Running a Business
Schedule C is a treasure trove of tax deductions for self-employed people. But it's also a gold mine for IRS agents, who know from experience that self-employed people sometimes claim excessive deductions and don't report all their income. The IRS looks at both higher-grossing sole proprietorships and smaller ones. Sole proprietors reporting at least $100,000 of gross receipts on Schedule C and cash-intensive businesses (taxis, car washes, bars, hair salons, restaurants and the like) have a higher audit risk. Ditto for business owners who report substantial losses on Schedule C, especially if those losses can offset in whole or in part other income reported on the return, such as wages.
Also, claiming 100% business use of a vehicle is a prime audit red flag. IRS agents know that it's rare for someone to actually use a vehicle 100% of the time for business, especially if no other vehicle is available for personal use. The IRS also targets heavy SUVs and large trucks used for business, especially those bought late in the year. That's because these vehicles are eligible for more favorable depreciation and expensing write-offs. Be sure you keep detailed mileage logs and precise calendar entries for the purpose of every road trip. Sloppy recordkeeping makes it easy for a revenue agent to disallow your deduction.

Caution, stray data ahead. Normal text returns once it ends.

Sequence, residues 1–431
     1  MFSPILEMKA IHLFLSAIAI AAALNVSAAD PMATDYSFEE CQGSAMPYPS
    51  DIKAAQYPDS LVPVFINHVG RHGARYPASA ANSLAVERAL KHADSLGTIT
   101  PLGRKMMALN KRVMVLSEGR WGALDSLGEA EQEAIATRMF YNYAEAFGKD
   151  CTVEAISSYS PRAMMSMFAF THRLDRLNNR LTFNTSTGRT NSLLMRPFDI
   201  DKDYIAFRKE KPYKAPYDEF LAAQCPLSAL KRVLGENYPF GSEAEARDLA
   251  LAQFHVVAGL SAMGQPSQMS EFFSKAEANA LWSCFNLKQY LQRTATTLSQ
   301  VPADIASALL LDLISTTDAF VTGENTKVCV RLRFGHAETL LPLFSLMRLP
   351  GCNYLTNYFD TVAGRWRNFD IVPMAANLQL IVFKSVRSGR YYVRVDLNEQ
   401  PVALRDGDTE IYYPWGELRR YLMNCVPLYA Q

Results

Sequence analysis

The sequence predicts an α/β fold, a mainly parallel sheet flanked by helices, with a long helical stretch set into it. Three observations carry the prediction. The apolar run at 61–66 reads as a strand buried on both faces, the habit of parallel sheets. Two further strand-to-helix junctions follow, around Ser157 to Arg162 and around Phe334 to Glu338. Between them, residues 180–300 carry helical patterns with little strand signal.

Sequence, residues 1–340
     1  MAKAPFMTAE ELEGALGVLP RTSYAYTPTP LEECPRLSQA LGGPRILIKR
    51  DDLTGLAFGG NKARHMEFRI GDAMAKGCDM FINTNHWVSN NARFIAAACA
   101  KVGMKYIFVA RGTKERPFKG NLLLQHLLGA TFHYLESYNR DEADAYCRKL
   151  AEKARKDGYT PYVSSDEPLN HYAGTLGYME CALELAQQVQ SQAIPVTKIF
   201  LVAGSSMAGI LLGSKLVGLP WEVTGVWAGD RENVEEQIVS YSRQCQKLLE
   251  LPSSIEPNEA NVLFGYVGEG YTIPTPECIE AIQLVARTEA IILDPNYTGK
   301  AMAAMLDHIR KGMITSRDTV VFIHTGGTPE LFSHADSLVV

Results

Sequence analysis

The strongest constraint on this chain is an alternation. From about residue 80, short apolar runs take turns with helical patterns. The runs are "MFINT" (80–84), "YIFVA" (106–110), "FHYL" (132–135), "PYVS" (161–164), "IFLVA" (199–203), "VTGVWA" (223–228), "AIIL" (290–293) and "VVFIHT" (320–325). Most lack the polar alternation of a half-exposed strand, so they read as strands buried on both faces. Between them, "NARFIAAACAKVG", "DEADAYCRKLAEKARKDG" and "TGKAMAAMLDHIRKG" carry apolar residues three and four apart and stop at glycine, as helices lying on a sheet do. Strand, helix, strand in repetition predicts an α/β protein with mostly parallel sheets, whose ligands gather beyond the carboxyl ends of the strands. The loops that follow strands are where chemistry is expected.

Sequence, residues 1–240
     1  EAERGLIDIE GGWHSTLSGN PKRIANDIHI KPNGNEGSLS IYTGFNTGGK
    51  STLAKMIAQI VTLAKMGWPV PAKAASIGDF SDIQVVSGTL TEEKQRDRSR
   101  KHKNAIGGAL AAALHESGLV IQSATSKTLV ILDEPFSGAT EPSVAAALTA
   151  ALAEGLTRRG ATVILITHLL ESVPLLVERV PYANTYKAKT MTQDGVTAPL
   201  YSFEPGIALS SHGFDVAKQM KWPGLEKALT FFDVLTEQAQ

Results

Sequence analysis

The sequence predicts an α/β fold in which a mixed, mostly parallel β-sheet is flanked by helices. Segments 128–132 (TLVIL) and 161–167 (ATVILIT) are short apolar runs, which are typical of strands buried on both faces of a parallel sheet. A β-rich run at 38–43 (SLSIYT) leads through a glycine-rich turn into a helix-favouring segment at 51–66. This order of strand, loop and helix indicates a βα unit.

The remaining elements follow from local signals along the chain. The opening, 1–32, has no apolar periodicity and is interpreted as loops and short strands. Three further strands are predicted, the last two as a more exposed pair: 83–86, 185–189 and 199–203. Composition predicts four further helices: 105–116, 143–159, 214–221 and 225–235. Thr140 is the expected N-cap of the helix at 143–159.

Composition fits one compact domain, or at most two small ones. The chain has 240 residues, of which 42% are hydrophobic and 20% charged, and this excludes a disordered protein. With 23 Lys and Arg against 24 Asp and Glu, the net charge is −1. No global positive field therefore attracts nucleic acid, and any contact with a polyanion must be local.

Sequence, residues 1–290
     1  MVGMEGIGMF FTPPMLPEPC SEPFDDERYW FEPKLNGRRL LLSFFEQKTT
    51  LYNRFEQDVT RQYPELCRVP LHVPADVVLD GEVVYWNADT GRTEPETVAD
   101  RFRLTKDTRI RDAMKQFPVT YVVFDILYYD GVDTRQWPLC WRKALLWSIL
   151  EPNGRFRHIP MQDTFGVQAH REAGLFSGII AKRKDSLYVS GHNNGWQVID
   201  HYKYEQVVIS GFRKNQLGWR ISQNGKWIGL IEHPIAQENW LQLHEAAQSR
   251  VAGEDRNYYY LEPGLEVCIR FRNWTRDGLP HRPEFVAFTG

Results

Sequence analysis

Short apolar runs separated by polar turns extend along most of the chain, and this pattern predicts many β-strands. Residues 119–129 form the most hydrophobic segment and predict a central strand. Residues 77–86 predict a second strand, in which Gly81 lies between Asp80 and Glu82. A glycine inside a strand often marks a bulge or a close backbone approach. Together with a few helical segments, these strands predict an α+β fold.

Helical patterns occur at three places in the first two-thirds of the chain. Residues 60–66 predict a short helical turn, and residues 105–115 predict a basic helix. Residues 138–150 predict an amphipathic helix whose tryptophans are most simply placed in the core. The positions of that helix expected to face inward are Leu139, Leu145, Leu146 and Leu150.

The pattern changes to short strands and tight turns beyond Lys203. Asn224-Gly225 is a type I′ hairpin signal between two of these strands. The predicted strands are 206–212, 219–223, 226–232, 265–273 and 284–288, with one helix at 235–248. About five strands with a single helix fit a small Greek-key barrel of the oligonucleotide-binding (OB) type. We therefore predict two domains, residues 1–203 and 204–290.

Writing Off a Hobby Loss
Sorry to inform you, but you're a prime audit target if you report multiple years of losses on Schedule C of the Form 1040, run an activity that sounds like a hobby and have lots of income from other sources. The IRS is on the hunt for taxpayers who year after year report large losses from hobby-sounding activities to help offset other income, such as wages, or business or investment earnings. The hobby loss rules are often litigated in the Tax Court. The IRS usually wins in court, partly because it tends to settle cases in which it doesn't believe it can prevail. But taxpayers have also pulled out a victory in a number of court cases.